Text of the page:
Evidence Based Practice and Applied Nursing ResearchAshley CraigDecember 8, 2018Western Governors UniversityEvidence TableA1. Quantitative Article: Noto, M. J., Domenico, H. J., Byrne, D. W., Talbot, T., Rice, T. W., Bernard, G. R., & Wheeler, A. P. (2015). Chlorhexidine bathing and health care-associated infections: a randomized clinical trial. JAMA, 313(4), 369″378. or Introduction Infections that are acquired during a hospitalization stay cause many problems for hospitals as well as the patients. The hospital acquired infections (HAI’s) are connected with longer hospital stays, sometimes death, and high financial responsibilities.
Effort is made in preventing infections through practices and protocols designed to lower the spread of the bacteria. Some practices used around the globe include hand washing, bundles for insertion, and the separation of patients with diseases that can passed and require isolation. Chlorhexidine, a topical antimicrobial wash, that when used correctly to clean the skin, may decrease these chances of contacting and spreading these HAI’s (Noto, Domenico, Byrne, Talbot, Rice, Bernard, & Wheeler, 2015).Review of the Literature Nineteen references were provided by the authors.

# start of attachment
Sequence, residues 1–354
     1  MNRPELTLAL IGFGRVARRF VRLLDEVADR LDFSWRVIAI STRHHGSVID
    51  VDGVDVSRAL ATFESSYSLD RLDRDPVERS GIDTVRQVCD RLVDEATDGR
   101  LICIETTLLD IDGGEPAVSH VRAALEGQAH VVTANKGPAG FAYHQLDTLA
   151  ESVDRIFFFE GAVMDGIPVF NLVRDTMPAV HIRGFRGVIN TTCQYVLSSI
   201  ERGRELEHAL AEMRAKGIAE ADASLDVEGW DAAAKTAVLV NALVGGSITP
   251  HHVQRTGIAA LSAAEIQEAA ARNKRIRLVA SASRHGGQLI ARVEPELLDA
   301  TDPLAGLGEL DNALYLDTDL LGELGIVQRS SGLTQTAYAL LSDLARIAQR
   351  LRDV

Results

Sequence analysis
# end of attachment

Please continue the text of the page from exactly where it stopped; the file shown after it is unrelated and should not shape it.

Some were cited back to 2013, but most were dated up to 2015 to determine if daily bathing with chlorhexidine decreases the incidence of HAI’s. A study of 9,340 patients admitted to 5 different intensive care units in Nashville, Tennessee was conducted. All of the patients involved her bathed the same. No patient had different routines followed during this study, (Noto, Domenico, Byrne, Talbot, Rice, Bernard, & Wheeler, 2015).Discussion of Methodology The study performed was once-daily bathing of all patients with cloths soaked in chlorhexidine as the control. Bathing treatments were completed for a ten-week period followed by a two-week washout period during which patients were bathed with regular disposable cloths and soap. All manufacturer’s instructions, procedures and protocols were followed and documented (Noto, Domenico, Byrne, Talbot, Rice, Bernard, & Wheeler, 2015).Data Analysis During the chlorhexidine bathing period, fifty- five infections occurred. During the non-control bathing period, less than sixty infections were noted. After tweaking the baseline variables, not a huge difference between groups in the rate of the primary outcome was documented. Chlorhexidine bathing did not significantly change rates of HAI’s (Noto, Domenico, Byrne, Talbot, Rice, Bernard, & Wheeler, 2015).Researcher’s Conclusion Documented infections were determined using Centers for Disease Control standards by skilled infection control personnel, who were not made aware of the bathing assignment. According to the authors in this trial, daily bathing with chlorhexidine did not dramatically reduce the occurrence of HAI’s. These results do not support daily bathing of critically ill patients with chlorhexidine. It is not cost effective for hospitals or patients (Noto, Domenico, Byrne, Talbot, Rice, Bernard, & Wheeler, 2015).Quantitative: Researcher’s ConclusionsThe evidence presented in the journal article supported the researcher’s evidence by proving that Chlorhexidine bathing is widely practiced in the World but does not significantly reduce the infections rates in patients and is not cost effective. The data proved that the statistics were not high enough to support this type of bathing versus regular routine bathing with soap and water. It costs the health care facilities millions of dollars to use this on all patients that are immunocompromised or are critically ill. This is not a benefit that outweighs the risk type of situation. Avoiding the use of using chlorhexidine could save hospitals and many health care facilities millions of dollars without affecting clinical outcomes. Not only would it save the facilities a lot of money but would lower patient’s hospital bills as well. It would be a win for all parties involved. Quantitative: Protection and Considerations The doctors that oversaw this study had complete access to all the data in the study and take accountability for the integrity of the data. The doctors made sure the data analysis was accurate. All authors completed and submitted the ICMJE Form for Disclosure of Potential Conflicts of Interest. The study was permitted by the Institutional Review Board at Vanderbilt University with a waiver of consent. Human subjects were protected during the study. Patients were not included if they had cultural conflicts. All patients admitted to the cardiovascular, medical, neurological, surgical, and trauma ICUs during the study period were involved. Patients were excluded if they were known to have an allergy to chlorhexidine. If the treating physician thought bathing would be dangerous, the patients were excluded. Patient acceptance began in July of 2013. After the enrollment of the patients involved was completed, the researchers realized the size of this study might be of interest to others and registered the study on the internet at clinicaltrials.gov on January 8, 2014. They thought this would get more people interested in being a part of a research study. This arose before any data analyses were conducted. No data analyses were conducted during the study or prior to the trial registration (Noto, Domenico, Byrne, Talbot, Rice, Bernard, & Wheeler, 2015).Quantitative: Strengths and Limitations A strength of this study was that many patients were involved in this study from different units in the hospital such as the ICU, medical surgical units, and neuro floors. It was not unit specific. Another strength was that many races, male and female subjects, patients with different illnesses and patients with different abnormal lab values were all a part of this study. Some limitations of this study were that is was only ten weeks long. In my opinion, a twelve to twenty-week trial would have given significantly more information especially during different seasons in the hospital. For example, Florida has visitors from the other parts of the United States making their way down here to stay warm. This makes the elderly population busier in the winter months at the hospitals and other health care facilities. According to the study, elderly patients were prone to more infections acquired by the hospital.Quantitative: Evidence Application The evidence informs the nursing practice by doing what is in the best interest of the patient. It has changed the way nurses and other health care members of the team take care of their patients. Performing different studies, such as this study, helps the healthcare team learn and guide the team from the evidence to better patient care. As we can see the evidence supported in this study regarding chlorhexidine use was not beneficial to the patient or the hospital. Having the knowledge behind the evidence helps nurses come up with different strategies to apply when taking care of patients. Evidence based practice allows the nurses to use critical thinking skills rather than just using the exact same interventions on every patient. This allows for the interventions to be patient specific. The health care team depend on on the experience and proficiency to assess research finding that can benefit patients. The evidenced based practice should be implemented across the entire care team, not just nurses in order to have better future outcomes. Evidence TableB1. Qualitative Article: Loyland, B., Wilmont, S., Hessels, A. J., & Larson, E. (2016). Staff Knowledge, Awareness, Perceptions, and Beliefs About Infection Prevention in Pediatric Long-term Care Facilities. Nursing Research, 65(2), 132″141. Background or Introduction There is necessity to expand infection control practices such as handwashing in health care facilities. Handwashing occurrences is disturbingly low in healthcare facilities, even though it is critical for the safety of the patients. For example, pediatric long-term care facilities provide many areas of medical care such as social, academic, and therapeutic activities to medically ill children. Despite this perilous population, little infection prevention research has been conducted. The authors in this article conducted a survey at the 2013 Pediatric Complex Care Association Annual National Conference in which the providers that worked at pediatric facilities reported infection prevention and control issues of greatest concern in a survey. This survey included the absence of top practice guidelines, including hand hygiene. After the study, some interventions included the installation of an electronic group monitoring system to measure the incidence of hand hygiene, education, and continuous monitoring of infection cases. Major change in this environment was needed after reviewing the results. One aspect is to ensure that healthcare workers have adequate knowledge on the importance of handwashing and how easy infection can spread during hands on patient care. It is important that we be fully aware of the knowledge, attitudes, and intentions of the staff. Consequently, the goal of this study was to identify possible blocks to hand washing and infection prevention perceived by staff (Loyland, Wilmont, Hessels, & Larson, 2016).Review of the Literature Over thirty references were used in this article. Most of the literature was interviewing nurses and identifying priorities in the health facilities working around critically ill children. Many of them had different beliefs and approaches on trying not to spread infection. The staff had different perceptions and education on proper hand hygiene. This article detailed many aspects on the interview conductions and how they watched the employees working. An interview guide featuring eight open-ended questions was developed with contribution from a multidisciplinary group of researchers aware with, but independent of, the existing project. (Loyland, Wilmont, Hessels, & Larson, 2016).Discussion of Methodology Different categories such as design, settings, interview guide, recruitment and interviews were used. This study involved interviews with direct care providers in three pediatric long-term care facilities. Two trained nurse interviewers led the interviews using an interview guide with the eight open-ended questions. Two other nurse researchers independently transcribed the audio recordings and conducted an investigation using an approach modified from the systematic text condensation method (Loyland, Wilmont, Hessels, & Larson, 2016).Data Analysis The approach guided the researchers through a process to assure consistency in stages of total immersion in the data and the identification of key words and phrases. The researchers associated notes of their initial analyses to develop a better understanding of their understanding of the data. The researchers then established consensus through many discussions on separate occasions. These emerging thematic categories were discussed in meetings with the field researchers who collected the data to enhance precision. After agreement on the thematic framework, the researchers relistened and reread the data for systematic notion. At this stage, the two researchers negotiated the organization and priorities of the empirical data into subthemes and thematic categories by example splitting subthemes covering two or more distinct phenomena and lumping subthemes representing same issues (Loyland, Wilmont, Hessels, & Larson, 2016). Finally, official feedback was given to the participating facilities (Loyland, Wilmont, Hessels, & Larson, 2016).Researcher’s Conclusion Infection prevention and control offer many challenges for medically fragile children who require complex medical care. Three recommendations have developed from this qualitative study. First, educational offerings in pediatric facilities must contain information regarding achievable infection prevention strategies. Second, workflow patterns need to be carefully evaluated to recognize systems and procedures to reduce cross-contamination. For instance, the adjustment to help staff rank highest risk contacts and make entirely informed choices about prevention strategies are essential (Loyland, Wilmont, Hessels, & Larson, 2016). Third, hand hygiene products are crucial when coming in contact with children. Sometimes conveniently located dispensers may be hard to reach. For example, personal sized bottles of hand sanitizer would greatly simplify hand hygiene (Loyland, Wilmont, Hessels, & Larson, 2016).Qualitative Researcher’s Conclusions The evidence presented in the journal article supported the researcher’s evidence. Care providers presented valuable insights, which were generally consistent with previous studies from other facilities. There were several opinions across the three sites, although some differences were recognized between the work groups. Many conflicts and blaming others mentalities were reported. The employees wanted to blame each other or the facility. One of the findings from this study was that there was a misunderstanding concerning hand hygiene recommendations, use of soap versus sanitizer, and universal isolation precaution protocol. Many staff members stated that they wanted more dispensers available if sinks were not an option, more education, and hands-on practical guidance (Loyland, Wilmont, Hessels, & Larson, 2016).Qualitative: Protection and Considerations The protection of human subjects and cultural considerations were protected during the interviews and audio recordings. The employees were interviewed in private rooms after they consented. Their answers remained confidential. Each interview was diverse, offering opportunities for employees of different cultures, race, and sex. This study was not mandatory if they did not want to participate. Qualitative: Strengths and LimitationsStrengths in this study were that they interviewed many employees and used audio recording to conduct this study. regarding hand hygiene practice that were from different departments. It was not just regarding clinical staff, but clerical staff as well. It gave the study more information and proved that hand washing or lack of hand washing was not just noted with nurses or aides. Clerical and educational staff, such as teachers, and different types of therapists had issues with training, knowledge, and lack of sanitizer stations on the wall. Some limitations were that those employees who were interviewed were prepared to spend time to participate during the dates that the interviewers were on site. As with random volunteers in any study, it is possible that they would have answered differently, then the ones that were employed at the facility because it would be on the spot and not when they were prepared. The employees were most likely influenced to answer a certain way because it was their place of employment.Qualitative: Evidence ApplicationEvidence informs nursing practice to make a better workplace for the employees and what is safe for the critical patients. This study helped the facilities know where they were lacking in knowledge and education from their employees. It involved nursing staff, teachers, and other members of the team. It helped them conduct a study to find out what the needs and wants were of their employees to make a better workplace. If they provide the employees with the things that they need to provide a safe and better workplace, it is a win for all parties involved. In this case, it will give the opportunity for them to have better hand hygiene. ReferencesLoyland, B., Wilmont, S., Hessels, A. J., & Larson, E. (2016). Staff Knowledge, Awareness, Perceptions, and Beliefs About Infection Prevention in Pediatric Long-term Care Facilities. Nursing Research, 65(2), 132-141. doi:10.1097/nnr.0000000000000136Noto, M. J., Domenico, H. J., Byrne, D. W., Talbot, T., Rice, T. W., Bernard, G. R., & Wheeler, A. P. (2015). Chlorhexidine Bathing and Health Care”Associated Infections. Jama, 313(4), 369. doi:10.1001/jama.2014.18400